Collide turned out to be the second of two bad movies of a double feature at home. I would call it a cheap Fast and Furious ripoff, with Nicholas Hoult as down-and-out American Casey Stein trying to reboot his life of poor choices in Germany, where he meets bar keep Juiliette (played by Felicity Jones). She isn't into this loser, but he inserts himself into her life and he promises to change his ways as an errand boy for East European Geran (played by Ben Kingsley), which he does by quitting that work and working in a metal reclamation center. Then Casey learns that Juiliette is seriously ill and as an American she isn't covered for the kidney transplant she needs to stay alive and requires six-figure money fast. So he rejoins Geran in a scheme to heist drugs and cash from money laundering kingpin Hagen Kahl (played exquisitely by Anthony Hopkins). From there, the story becomes a car chase movie with smoke and mirrors, but without the ensemble cast of a Fast and Furious.

I said that Anthony Hopkins is exquisite as Kahl. If there is a saving grace to the movie, it is Hopkins who, as ever, is the consummate professional actor giving depth and range to his character. There are hints of Hannibal Lecter from Hannibal as well as William Parrish from Meet Joe Black in this character. He is menacing in parts, elegant and patrician in others. Contrast him with Ben Kingsley who, fine actor as he has been, seems to have become stereotyped as these slimy accented characters with little dimension. In Collide, he plays a caricature of a character, almost a comic relief to Kahl. Geran could have been so much more dangerous, so much more threatening, so much more scheming. There is also not all that much depth to the Juilette character. Casey gets by as a schemer and it isn't until the end that we find out he's really much smarter than he lets on. And this is probably as much a scripting problem as an acting one. For an actor, it's in the portrayal, in the facial expressions, in the voice and pauses. In the script, it's the situations created and the dialogue provided. In Collide, the script certainly failed.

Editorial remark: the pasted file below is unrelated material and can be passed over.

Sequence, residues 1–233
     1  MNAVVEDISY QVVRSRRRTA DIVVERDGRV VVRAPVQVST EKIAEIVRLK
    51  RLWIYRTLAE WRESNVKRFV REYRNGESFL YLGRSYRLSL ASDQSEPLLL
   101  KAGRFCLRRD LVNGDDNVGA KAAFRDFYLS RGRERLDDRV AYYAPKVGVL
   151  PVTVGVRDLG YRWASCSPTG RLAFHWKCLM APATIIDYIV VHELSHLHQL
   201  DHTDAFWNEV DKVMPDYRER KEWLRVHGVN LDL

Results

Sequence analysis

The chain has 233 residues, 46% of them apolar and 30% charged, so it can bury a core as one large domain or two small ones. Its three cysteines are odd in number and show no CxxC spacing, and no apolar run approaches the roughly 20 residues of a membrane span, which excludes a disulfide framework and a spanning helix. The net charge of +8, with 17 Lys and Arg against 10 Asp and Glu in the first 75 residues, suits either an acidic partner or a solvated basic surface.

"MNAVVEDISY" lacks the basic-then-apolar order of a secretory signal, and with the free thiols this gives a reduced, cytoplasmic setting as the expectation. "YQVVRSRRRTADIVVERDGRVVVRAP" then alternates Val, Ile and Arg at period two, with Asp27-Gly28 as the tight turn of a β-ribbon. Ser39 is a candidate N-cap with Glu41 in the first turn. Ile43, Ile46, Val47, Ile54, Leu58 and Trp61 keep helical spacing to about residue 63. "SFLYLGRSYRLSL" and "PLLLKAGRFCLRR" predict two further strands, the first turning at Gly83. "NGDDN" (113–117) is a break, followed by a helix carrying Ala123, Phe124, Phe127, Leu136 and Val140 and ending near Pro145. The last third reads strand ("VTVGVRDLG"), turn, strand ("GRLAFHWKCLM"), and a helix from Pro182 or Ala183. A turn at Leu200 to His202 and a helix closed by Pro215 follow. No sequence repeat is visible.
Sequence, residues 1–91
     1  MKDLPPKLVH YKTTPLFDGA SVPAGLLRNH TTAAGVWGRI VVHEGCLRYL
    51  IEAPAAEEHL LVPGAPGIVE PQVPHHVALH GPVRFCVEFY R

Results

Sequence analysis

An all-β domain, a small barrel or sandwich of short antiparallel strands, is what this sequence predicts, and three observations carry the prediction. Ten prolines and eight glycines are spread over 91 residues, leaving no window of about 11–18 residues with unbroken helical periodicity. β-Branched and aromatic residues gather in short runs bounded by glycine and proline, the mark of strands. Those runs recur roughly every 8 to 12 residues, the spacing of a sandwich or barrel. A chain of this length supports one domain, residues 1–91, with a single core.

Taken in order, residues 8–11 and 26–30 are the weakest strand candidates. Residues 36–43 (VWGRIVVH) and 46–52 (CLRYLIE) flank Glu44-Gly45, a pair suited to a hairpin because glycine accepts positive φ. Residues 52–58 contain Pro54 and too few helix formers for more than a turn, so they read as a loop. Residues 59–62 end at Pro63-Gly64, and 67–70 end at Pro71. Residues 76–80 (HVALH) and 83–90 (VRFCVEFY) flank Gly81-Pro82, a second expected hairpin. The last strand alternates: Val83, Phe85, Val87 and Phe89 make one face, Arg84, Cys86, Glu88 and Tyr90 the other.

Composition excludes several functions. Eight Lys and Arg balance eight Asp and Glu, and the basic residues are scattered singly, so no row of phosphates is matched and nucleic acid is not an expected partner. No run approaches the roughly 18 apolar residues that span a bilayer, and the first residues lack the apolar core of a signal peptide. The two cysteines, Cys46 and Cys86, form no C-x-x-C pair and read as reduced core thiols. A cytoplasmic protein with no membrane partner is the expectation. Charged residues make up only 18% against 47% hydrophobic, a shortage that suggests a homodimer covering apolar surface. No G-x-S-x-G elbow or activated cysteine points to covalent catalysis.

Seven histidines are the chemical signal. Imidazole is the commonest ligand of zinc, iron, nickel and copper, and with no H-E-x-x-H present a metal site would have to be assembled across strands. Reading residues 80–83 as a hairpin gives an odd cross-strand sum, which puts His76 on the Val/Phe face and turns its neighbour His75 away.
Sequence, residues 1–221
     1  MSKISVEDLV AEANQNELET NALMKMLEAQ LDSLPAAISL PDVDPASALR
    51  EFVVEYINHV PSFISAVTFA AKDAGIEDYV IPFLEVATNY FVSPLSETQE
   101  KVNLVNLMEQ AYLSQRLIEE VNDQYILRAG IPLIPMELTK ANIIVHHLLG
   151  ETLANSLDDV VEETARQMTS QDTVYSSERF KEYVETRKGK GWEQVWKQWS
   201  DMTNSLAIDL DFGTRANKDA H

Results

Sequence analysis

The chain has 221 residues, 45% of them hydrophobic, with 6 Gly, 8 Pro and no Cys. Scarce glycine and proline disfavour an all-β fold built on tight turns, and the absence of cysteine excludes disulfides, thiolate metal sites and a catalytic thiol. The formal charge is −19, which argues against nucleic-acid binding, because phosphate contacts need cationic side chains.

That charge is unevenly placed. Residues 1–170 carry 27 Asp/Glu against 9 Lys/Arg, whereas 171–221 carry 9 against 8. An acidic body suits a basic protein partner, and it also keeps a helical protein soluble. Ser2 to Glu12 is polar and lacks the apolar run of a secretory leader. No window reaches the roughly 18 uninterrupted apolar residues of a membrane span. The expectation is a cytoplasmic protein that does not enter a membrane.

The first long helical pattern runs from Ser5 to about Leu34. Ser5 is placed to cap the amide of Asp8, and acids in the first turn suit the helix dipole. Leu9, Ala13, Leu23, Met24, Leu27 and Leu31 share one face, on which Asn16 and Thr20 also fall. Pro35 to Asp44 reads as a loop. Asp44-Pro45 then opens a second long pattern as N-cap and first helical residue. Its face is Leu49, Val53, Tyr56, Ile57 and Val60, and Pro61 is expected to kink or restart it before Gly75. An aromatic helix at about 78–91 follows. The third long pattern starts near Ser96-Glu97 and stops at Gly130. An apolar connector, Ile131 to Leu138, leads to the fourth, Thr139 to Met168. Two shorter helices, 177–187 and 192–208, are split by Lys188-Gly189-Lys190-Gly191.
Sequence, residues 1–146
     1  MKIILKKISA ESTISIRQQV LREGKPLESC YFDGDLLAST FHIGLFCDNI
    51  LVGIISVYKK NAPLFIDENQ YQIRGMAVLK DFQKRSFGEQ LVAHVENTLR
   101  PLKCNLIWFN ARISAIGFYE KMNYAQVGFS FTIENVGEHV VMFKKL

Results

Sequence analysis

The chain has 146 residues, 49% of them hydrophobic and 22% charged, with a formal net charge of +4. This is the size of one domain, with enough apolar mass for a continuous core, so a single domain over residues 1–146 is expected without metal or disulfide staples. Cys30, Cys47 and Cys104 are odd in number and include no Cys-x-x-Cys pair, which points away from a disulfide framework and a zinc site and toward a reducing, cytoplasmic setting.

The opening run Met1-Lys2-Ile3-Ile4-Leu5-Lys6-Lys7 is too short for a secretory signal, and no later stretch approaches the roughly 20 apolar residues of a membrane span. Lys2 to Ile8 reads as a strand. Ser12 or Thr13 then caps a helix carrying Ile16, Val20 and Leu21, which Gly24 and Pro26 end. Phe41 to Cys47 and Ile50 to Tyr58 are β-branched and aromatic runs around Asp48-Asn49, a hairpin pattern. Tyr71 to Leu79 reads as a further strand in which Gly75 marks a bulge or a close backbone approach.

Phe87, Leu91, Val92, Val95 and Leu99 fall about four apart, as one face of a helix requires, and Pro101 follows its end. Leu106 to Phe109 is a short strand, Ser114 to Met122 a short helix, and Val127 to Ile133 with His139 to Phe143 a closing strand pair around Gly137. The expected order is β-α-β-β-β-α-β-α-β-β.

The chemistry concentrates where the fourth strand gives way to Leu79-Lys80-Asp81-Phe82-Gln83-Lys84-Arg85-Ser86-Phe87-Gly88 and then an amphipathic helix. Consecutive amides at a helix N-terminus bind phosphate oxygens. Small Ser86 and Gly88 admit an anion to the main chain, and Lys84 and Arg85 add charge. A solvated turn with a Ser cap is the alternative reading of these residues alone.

The big reveal at the end is plainly a cheat. Again, this is a scripting problem. Why wait till the end to surprise your audience? Why not give us hints along the way so we can say, "Ah, yes, now it makes sense!" Instead, we say, "Oh, thanks, now you tell us!" Perhaps the title Collide is about the collision between audience expectations and reality when you get to the end of a disappointing movie.

Viewer beware: Watch Collide at your own risk. Perhaps fast forward to the Anthony Hopkins parts and you will be just fine. Otherwise, I suggest you give it a skip.

Wednesday, August 16, 2017

Diary of a Wimpy Kid: The Long Haul: New Cast Flop

Movie Review: Diary of a Wimpy Kid: The Long Haul (2017)
Version: Library borrow

This is going to be short and -- well, not sweet. We've enjoyed the Diary of a Wimpy Kid movies as a family, in the way any family can. They've been fun. The characters have been interesting, the stories pitting everyone in one calamity after another and teaching young viewers a lesson by the end. And the actors playing the characters have been charismatic in their parts. We "grew up" with them in their roles. The Long Haul is da bomb, but as in a bomb. It screws with everything we grew to like in the series, changing the entire cast.

It's understandable to the extent that all the youngsters were growing too old to play Greg, Rowley, and gang. But why fool with Mom, Dad, and Rodrick, who were perfect as cast? I'll give credit to Jason Drucker as Greg, who comes the closest to being likable and emerging as a realistic replacement. And Alicia Silverstone isn't horrible as Mom, but she still just doesn't cut it with the persona. Tom Everett as Dad is so far off the mark as the frenetic Dad and Charlie Wright doesn't begin to play the sloth and evil that his predecessor did as Rodrick.

The gist of the story is Mom and Dad packing Greg, Manny, and Rodrick into the family van for a trip to visit "Meemaw" in celebration of her 90th birthday. Greg and Rodrick only give in to the trip with the hope of secretly visiting a gamer conference, changing the van's GPS to get them there without Mom and Dad knowing. There is, of course, the usual lame parental effort to make the trip fun and the kids doing everything they can to ignore it all, and there's the stopover at a less than one-star-rated motel plus an encounter with a less than friendly family to add conflict and humor.

So, while the scenarios are pure Diary, the cast is clueless and spoils it. We just couldn't get over the new cast enough to enjoy this movie. Sorry, guys, but you pulled the rug out from under us on this one and the movie ended up as a flop on our floor.

Tuesday, August 15, 2017

Miss Peregrine's Home for Peculiar Children: The Good Writing Makes This Book

Book Review: Miss Peregrine's Home for Peculiar Children by Ransom Riggs
Version: Library ebook borrow

I saw the movie Miss Peregrine's Home for Peculiar Children directed by Tim Burton, so I decided I should read the book. Usually, the book is full of greater insights into the tale and has more depth and you get to know the characters better. Not so here.